ESA’s ɸ-week 2019 opens with a flourish
Following the success of last year’s ɸ-week, this year’s event promises to be even more exciting. With the conference room packed to the gunwales, ɸ-week 2019 kicked off this afternoon at ESA’s centre of Earth observation in Italy with a series of stimulating talks, lively debate and an announcement of a new initiative.
In essence, ESA’s concept of ɸ (pronounced ‘fee’) encapsulates innovation, new technology and cross-disciplinary cooperation to explore how satellite data coupled with digital technologies, such as artificial intelligence and blockchain, can bring benefits to business, industry and science – and also how this marriage can help to develop new Earth observation-based products and services.
Today, there are numerous satellites and sensors delivering a huge wealth of data, not only to understand how our planet works, but also for use in a myriad of practical applications, from farming and water management to maritime safety, all of which, ultimately, improve daily lives.
While we are rich in data, it is important to get an even better return by coupling these data with aspects of the digital revolution such as artificial intelligence in order to improve data quality and make delivery of data more efficient, which, in turn, will help boost business and the economy.
The opening included a session on artificial intelligence and the rise of the intelligent machine. Although one might assume this to be more like science fiction than science fact, the debate made it clear that artificial intelligence is definitely here – and, indeed, it has much to offer.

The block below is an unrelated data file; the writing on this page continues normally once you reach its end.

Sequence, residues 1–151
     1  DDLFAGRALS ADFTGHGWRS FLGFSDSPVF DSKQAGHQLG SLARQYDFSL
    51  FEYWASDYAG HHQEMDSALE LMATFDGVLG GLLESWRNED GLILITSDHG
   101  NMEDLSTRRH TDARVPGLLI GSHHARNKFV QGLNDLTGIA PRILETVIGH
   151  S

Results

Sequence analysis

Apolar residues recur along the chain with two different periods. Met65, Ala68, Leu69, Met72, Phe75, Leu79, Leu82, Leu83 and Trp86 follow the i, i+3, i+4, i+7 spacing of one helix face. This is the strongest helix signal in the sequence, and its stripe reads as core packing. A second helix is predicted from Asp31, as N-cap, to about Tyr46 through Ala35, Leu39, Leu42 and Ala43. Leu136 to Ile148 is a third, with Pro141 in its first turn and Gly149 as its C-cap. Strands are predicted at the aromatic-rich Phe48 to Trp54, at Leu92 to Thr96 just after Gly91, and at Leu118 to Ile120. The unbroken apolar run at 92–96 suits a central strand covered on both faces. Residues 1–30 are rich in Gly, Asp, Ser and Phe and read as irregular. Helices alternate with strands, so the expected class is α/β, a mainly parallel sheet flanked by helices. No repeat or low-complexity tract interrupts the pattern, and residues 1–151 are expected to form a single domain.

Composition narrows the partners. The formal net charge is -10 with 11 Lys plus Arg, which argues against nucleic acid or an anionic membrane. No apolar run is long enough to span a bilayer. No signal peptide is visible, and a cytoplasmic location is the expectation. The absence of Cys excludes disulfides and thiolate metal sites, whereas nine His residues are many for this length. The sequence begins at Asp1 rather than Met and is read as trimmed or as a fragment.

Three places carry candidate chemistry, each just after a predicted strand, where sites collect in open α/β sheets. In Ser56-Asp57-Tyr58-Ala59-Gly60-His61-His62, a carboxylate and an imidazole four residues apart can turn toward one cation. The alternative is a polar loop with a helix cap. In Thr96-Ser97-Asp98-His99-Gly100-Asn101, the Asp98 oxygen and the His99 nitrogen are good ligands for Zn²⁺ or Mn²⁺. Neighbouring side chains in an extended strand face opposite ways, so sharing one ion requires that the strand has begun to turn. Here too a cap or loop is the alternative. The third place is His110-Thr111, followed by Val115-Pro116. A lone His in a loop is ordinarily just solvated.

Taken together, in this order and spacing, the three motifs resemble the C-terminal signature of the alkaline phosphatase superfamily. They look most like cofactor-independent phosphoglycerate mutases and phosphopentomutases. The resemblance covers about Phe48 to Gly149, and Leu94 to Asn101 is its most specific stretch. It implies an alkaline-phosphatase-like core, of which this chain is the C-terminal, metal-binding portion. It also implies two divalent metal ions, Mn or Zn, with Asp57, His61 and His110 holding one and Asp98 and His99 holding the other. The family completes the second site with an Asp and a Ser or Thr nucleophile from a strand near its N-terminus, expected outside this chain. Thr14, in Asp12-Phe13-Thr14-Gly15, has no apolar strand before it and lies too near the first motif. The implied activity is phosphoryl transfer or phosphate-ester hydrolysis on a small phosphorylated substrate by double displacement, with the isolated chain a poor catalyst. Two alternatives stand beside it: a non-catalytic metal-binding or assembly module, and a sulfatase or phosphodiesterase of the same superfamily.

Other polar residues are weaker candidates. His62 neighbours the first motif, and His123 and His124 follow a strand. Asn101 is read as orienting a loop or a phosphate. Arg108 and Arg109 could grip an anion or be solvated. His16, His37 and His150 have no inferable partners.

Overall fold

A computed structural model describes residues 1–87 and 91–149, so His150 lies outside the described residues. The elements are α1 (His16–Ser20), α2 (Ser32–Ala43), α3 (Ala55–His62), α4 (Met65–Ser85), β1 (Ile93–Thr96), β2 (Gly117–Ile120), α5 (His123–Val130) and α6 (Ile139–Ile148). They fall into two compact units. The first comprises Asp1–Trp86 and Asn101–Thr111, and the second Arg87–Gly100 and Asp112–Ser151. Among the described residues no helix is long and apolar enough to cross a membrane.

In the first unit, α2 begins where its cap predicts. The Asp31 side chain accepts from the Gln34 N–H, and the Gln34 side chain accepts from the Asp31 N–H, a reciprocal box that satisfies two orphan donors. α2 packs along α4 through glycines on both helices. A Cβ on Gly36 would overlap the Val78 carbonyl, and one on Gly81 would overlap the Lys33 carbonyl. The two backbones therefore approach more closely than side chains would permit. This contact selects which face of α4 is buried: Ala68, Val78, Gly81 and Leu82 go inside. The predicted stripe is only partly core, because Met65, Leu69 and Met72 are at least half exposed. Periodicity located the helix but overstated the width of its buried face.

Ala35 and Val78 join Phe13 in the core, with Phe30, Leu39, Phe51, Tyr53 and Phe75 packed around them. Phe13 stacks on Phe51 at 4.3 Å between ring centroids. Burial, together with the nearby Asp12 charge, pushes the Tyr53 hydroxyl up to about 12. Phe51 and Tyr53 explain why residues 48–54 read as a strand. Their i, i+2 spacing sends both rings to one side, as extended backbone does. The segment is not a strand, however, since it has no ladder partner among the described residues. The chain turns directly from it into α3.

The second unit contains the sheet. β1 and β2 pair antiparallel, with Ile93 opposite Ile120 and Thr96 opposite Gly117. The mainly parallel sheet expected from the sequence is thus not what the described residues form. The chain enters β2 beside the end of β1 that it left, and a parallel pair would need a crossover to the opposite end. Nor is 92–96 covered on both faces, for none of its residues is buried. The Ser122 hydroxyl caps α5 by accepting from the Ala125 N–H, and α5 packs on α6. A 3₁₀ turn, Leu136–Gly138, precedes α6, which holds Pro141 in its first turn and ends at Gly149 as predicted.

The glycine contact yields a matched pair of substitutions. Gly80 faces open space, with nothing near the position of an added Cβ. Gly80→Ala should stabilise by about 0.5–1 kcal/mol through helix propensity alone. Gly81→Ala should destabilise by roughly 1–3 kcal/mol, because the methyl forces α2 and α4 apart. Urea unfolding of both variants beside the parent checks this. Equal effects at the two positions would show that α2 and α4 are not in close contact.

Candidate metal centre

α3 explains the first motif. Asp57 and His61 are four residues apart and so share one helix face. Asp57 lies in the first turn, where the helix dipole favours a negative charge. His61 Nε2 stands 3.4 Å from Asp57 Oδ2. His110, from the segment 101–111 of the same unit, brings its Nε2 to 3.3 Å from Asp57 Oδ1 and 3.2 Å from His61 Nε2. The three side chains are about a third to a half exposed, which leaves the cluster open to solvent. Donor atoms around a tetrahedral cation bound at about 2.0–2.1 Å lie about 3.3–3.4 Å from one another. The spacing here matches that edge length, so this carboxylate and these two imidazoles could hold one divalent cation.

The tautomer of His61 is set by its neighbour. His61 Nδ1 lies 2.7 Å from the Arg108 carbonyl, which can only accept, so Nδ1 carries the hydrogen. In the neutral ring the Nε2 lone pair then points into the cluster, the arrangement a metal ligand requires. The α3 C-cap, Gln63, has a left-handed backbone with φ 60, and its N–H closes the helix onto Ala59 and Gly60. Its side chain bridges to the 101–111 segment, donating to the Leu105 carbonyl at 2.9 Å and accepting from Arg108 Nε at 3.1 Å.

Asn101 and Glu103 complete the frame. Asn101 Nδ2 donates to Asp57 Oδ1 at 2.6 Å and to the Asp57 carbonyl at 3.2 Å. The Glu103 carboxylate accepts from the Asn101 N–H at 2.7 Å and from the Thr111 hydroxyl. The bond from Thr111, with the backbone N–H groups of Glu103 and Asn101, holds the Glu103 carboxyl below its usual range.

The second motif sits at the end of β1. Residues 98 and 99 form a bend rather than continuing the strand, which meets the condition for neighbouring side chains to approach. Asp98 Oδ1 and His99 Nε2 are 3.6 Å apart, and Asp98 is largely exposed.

In his opening address, Josef Aschbacher, ESA’s Director of Earth Observation Programmes, said, “Last year, we had the first ɸ-week and we actually changed our thinking within ESA, thanks to inputs and discussions on how artificial intelligence, blockchain and Earth observation can closer work together.
“And this week, we will continue to focus on disruptive innovation, how this affects space and how space can benefit from all the elements of New Space – and I believe we have to work faster to make this work.”
While the goal is to accelerate the development of both artificial intelligence and space-related research, Max Craglia, from the EC Joint Research Council, noted, “There is a digital transformation taking place that is affecting all of us.
“Clearly, there is a sense of global competition regarding artificial intelligence and Europe is finding its path to reinforce and strengthen the values under which the European Union is funded, values of transparency, democracy and non-discrimination.
“And, we need to prepare for the socioeconomic changes that artificial intelligence will bring.”
The afternoon followed with a focus on fostering innovation, which included an announcement from Dr Aschbacher about the next ɸ-Sat challenge. The first ɸ-Sat, which will be launched in the coming months, is the first artificial intelligence chip to be carried on a small satellite – and as Dr Aschbacher stated there will now be a challenge promising a cash prize to develop ɸ-Sat2.
With the climate crisis high on the global political agenda and the issue of greenhouse gases a serious concern, today also saw ESA, the Canadian Space Agency and the Canadian GHGSat company sign a Memorandum of Intent.
The new collaboration will entail the provision of free data from the GHGSat constellation to the scientific community and support global efforts to monitor greenhouse gases and improve our understanding of chemical and physical atmospheric processes.
Another highlight of the afternoon was the announcement of the creation of the World’s first Artificial Intelligence Special Interest Group on Space, which has been established in partnership with CLAIRE, Europe’s largest artificial intelligence research network.
With the week’s programme packed with all manner of topics that explore New Space and the future of Earth observation along with numerous side events that include hackathons, training and workshops on education and more, a bootcamp is being held throughout to delve into Earth observation solutions for the energy sector.